ART and Research
The Science of Confusion and Empathy - 2012
MAKING CONFERENCE 24th-27 th September 2012, Notodden, Norway
The Making, Materiality and Knowledge conference aims to provide an arena for discussions on field-specific, inter- and transdisciplinary knowledge production within the Making Disciplines/Making Professions/Making Education.
The exhibition at MAKING. An International Conference on Materiality and Knowledge, University College in Telemark, Notodden, Norway
The purpose of the title, The Science of Confusion, is to suggest that the room contains items and visual means that are easily associable with science, while putting in doubt the notion of science as a truth provider. The room reflects an individual's attempt to understand, to make sense of the material world and the non-tangible inner world of thought that humans are exposed to.
These vitrines are specially made for the exhibition. Each vitrine has a shelf under the glass and interior LED lighting. They contain a collection of objects, photographs and text.
Content explanation of each vitryne Vitryne 1, Vitrine 2, Vitrine 3 under:
On one light box lies various satellite images of cities and dried bacterial colonies in Petri dishes.
This collection is a kind of homage to nature's "hidden codes" that visually manifest as bifurcation. Bifurcation is the term denoting a division into two that happens in e.g. branches and roots of trees and plants, rivers, veins, trachea etc.
In this vitrine, from the left: a satellite picture of the Himalayas, a young rhubarb leaf that has a texture of "mountains" and "valleys", bacterial colony, macro photography of China Ink, photography of deformed mountain-trees, China Ink drawing, X-ray of neck veins, dried roots of grass, a simplified model of the bifurcation, lichen, insect wing and a river Congo in Africa in a petri dish.
How China Ink forms branching forms is recorded in macro-video and in the video titled: “The Secret of China Ink” shown in the exhibition. You can see it here.
Here is video which shows branches of bacterial colony.
This collection includes: A copy picture of Peter Camper’s drawing "Facial Angle" from 1770, (a non-ideological drawing from a lecture given to art students about the beauty and portrait). Later, the picture was interpreted in ideological terms and used in connection with eugenics, beauty ideal and Nazi racism (Aryan race). Under the picture there are four fruits Cucumis Africanus, systematized by size. Bigger = better - classification after look. Further, there is a collection of stamps. I inherited these stamps from my father. The stamps are systematized in small packages and fastened with thin thread. It is my father who packed them in this way.
To collect and care for things is something I see as one of the post-war "syndromes", but stamps also remind me of the collections of assets of prisoners in concentration camps. For example, in Auschwitz, there is a room with a "mountain" of shoes, "a mountain" of suitcases, and “a mountain" of human hair. My father spent four years in a concentration camp during World War II. Further to the right there are a number of natural forms that resemble the heart (a fragment from tree roots), brain (walnut and pumpkin seeds). There are also a heart and brain: the Cartesian dilemma of duality.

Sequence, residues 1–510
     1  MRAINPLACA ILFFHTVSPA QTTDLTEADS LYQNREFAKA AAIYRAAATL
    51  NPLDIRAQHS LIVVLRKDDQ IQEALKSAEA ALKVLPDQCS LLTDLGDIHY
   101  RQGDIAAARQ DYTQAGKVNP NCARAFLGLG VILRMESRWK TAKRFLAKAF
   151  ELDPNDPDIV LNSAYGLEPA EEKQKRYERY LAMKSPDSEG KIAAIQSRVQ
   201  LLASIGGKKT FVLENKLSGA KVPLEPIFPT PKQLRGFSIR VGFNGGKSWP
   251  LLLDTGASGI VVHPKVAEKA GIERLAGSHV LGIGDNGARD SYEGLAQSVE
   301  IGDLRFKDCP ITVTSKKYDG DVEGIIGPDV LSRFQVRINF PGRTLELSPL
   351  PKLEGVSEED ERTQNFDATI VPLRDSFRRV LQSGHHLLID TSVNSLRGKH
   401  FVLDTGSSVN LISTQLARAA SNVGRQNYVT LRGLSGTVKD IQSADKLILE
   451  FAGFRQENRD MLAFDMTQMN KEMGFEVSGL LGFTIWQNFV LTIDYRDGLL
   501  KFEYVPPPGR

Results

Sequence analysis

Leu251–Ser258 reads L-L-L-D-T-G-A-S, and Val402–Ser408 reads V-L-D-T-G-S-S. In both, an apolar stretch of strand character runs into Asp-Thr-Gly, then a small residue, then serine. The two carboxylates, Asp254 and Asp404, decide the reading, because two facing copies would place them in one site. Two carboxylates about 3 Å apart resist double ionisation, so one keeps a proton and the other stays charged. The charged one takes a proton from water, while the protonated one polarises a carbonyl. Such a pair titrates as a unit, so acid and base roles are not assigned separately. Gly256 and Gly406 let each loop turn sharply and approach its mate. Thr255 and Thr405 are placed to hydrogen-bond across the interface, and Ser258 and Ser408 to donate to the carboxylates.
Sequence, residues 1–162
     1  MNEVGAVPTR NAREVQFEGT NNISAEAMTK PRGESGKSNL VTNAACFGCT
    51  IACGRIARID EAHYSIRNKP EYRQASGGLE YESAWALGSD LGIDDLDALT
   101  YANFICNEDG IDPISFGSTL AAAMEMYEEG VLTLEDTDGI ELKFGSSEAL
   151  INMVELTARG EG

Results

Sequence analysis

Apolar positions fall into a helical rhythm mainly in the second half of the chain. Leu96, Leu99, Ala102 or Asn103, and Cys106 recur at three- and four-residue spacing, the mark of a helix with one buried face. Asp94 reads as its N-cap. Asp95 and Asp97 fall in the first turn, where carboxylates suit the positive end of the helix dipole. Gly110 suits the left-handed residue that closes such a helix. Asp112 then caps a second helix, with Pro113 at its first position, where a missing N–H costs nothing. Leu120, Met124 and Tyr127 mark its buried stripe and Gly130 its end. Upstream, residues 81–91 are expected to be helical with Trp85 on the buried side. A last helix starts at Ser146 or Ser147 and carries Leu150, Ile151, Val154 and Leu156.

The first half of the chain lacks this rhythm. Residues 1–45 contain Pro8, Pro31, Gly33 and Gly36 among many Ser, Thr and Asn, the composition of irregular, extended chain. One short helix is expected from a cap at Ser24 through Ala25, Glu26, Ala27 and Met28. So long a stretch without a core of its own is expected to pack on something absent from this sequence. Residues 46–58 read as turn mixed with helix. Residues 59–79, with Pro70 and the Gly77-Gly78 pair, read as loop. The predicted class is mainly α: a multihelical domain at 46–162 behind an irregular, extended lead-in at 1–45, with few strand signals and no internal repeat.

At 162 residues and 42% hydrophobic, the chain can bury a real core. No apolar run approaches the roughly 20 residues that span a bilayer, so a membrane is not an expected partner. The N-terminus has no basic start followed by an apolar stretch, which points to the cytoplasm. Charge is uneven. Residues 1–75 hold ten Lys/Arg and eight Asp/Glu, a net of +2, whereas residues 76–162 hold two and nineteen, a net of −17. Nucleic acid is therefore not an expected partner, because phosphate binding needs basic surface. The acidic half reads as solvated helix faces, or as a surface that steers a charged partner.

At the bottom right you will see a copy of the photograph of Himmler and other Nazis, who pick flowers in a herb field in the concentration camp of Dachau. To the right there is a sandwich with flies and other insects on it in which a feeling of disgust is captured. In the petri dish lies the satellite photograph of Auschwitz: "The Pattern of Evil." Alongside the sandwich, there is a snapshot and a "blow-up" of a fragment, a still image from the video chapter, "The Vanishing Cementary of Forms". Underneath in the glass petri dish lies dead, dried insects that form their own pattern
"Heredity of Perishing" - is the title of this vitrine. As the a plaque under it makes clear, this is dedicated to pseudo-research in family genetics.
This is semi-research dedicated to my family . I have observed that my father in law, my husband and my son has the same type of eyes. By replacing father in law eyes with my son’s eyes, I could go back in time and infer how my father in law eyes looked like for 65 years ago, when he was 14. The poster I do not show on the web I call "Predicting the Past."
Top left, there is Christian pray book from approx. 1800s. There is an text under the book: "The Language Became a Form of Life". This composition is my materialized reflection on power, place, and control that language possesses. At the same time, the book and its words undergo a process of perishing as all matter does.
To the right, there are three dried leaves. I admire how the decaying process transforms leaves to architectural forms. Although all leaves come from the same tree, they form different visual forms of decay. Besides these, there is an old wrinkled beetroot. There is a postcard from 1937, from the sanatorium Piestany in Slovakia which is a place for “prolonging lives."
The transparent box in the bottom right corner is filled with soil. In the middle of the soil there is a rectangular hollow shape (hole) as a reminder of an empty tomb, it's called "Prototype".
I have observed that my father-in-law, my husband and my son have the same type of eyes. By replacing my father- in-law’s eyes with my son’s eyes, I could go back in time and infer how my father-in-law’s eyes looked like 65 years ago, when he was 14. This is the poster with title "Predicting the Past.”
In one of the light boxes behind the glass-plate lies thin dry Begonia Rex Escargot leaves. The public can study internal structures of the begonia through the magnifying glass.
The Science of Confusion and Empathy